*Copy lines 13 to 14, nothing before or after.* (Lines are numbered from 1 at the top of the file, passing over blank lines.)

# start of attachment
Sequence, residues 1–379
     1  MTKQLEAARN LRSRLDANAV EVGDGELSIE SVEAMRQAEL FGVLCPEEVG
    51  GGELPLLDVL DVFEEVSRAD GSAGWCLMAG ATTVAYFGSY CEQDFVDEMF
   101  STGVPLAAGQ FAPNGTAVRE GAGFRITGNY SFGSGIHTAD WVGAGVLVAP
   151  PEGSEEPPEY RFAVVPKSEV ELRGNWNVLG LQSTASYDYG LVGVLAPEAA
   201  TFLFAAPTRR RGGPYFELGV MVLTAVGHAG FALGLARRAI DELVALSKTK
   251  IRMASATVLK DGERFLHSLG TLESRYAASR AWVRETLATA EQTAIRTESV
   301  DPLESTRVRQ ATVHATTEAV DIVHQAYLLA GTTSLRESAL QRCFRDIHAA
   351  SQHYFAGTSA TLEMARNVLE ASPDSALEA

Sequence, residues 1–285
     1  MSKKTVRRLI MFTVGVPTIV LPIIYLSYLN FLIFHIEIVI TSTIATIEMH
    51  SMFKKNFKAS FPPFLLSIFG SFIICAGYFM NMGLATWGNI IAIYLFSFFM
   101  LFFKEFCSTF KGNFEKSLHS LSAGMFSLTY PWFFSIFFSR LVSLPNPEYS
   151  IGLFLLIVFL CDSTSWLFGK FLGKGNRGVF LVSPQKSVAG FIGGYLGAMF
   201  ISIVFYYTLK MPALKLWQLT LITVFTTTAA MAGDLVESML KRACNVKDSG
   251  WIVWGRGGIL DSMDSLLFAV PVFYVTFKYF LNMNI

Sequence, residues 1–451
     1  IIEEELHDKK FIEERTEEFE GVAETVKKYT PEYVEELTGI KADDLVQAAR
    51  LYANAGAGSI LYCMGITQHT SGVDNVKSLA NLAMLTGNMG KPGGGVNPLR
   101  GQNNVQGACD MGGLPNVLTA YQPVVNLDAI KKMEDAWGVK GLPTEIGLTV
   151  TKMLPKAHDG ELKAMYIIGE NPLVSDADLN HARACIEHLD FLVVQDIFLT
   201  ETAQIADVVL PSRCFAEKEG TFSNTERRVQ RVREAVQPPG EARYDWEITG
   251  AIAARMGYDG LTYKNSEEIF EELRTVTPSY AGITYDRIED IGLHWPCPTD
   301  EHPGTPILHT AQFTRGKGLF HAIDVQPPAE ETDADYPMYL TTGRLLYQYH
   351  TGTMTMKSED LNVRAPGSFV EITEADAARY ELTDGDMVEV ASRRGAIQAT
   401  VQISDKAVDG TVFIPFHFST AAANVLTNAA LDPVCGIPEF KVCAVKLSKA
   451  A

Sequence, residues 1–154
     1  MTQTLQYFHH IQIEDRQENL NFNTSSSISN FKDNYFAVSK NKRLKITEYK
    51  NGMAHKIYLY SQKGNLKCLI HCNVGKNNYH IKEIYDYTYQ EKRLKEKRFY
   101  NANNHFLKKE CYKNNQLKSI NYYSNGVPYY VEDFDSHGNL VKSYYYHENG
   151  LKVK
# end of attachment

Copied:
   101  LFFKEFCSTF KGNFEKSLHS LSAGMFSLTY PWFFSIFFSR LVSLPNPEYS
   151  IGLFLLIVFL CDSTSWLFGK FLGKGNRGVF LVSPQKSVAG FIGGYLGAMF